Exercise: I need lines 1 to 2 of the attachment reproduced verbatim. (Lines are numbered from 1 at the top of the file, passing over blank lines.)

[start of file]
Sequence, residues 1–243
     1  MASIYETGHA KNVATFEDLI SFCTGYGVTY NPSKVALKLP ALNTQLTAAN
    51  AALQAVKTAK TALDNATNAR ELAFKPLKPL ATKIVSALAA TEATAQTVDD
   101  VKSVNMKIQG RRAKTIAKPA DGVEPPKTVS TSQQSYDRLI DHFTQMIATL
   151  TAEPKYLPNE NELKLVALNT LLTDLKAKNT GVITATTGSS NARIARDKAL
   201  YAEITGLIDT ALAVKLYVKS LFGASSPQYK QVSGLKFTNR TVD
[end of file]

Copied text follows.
Sequence, residues 1–243
     1  MASIYETGHA KNVATFEDLI SFCTGYGVTY NPSKVALKLP ALNTQLTAAN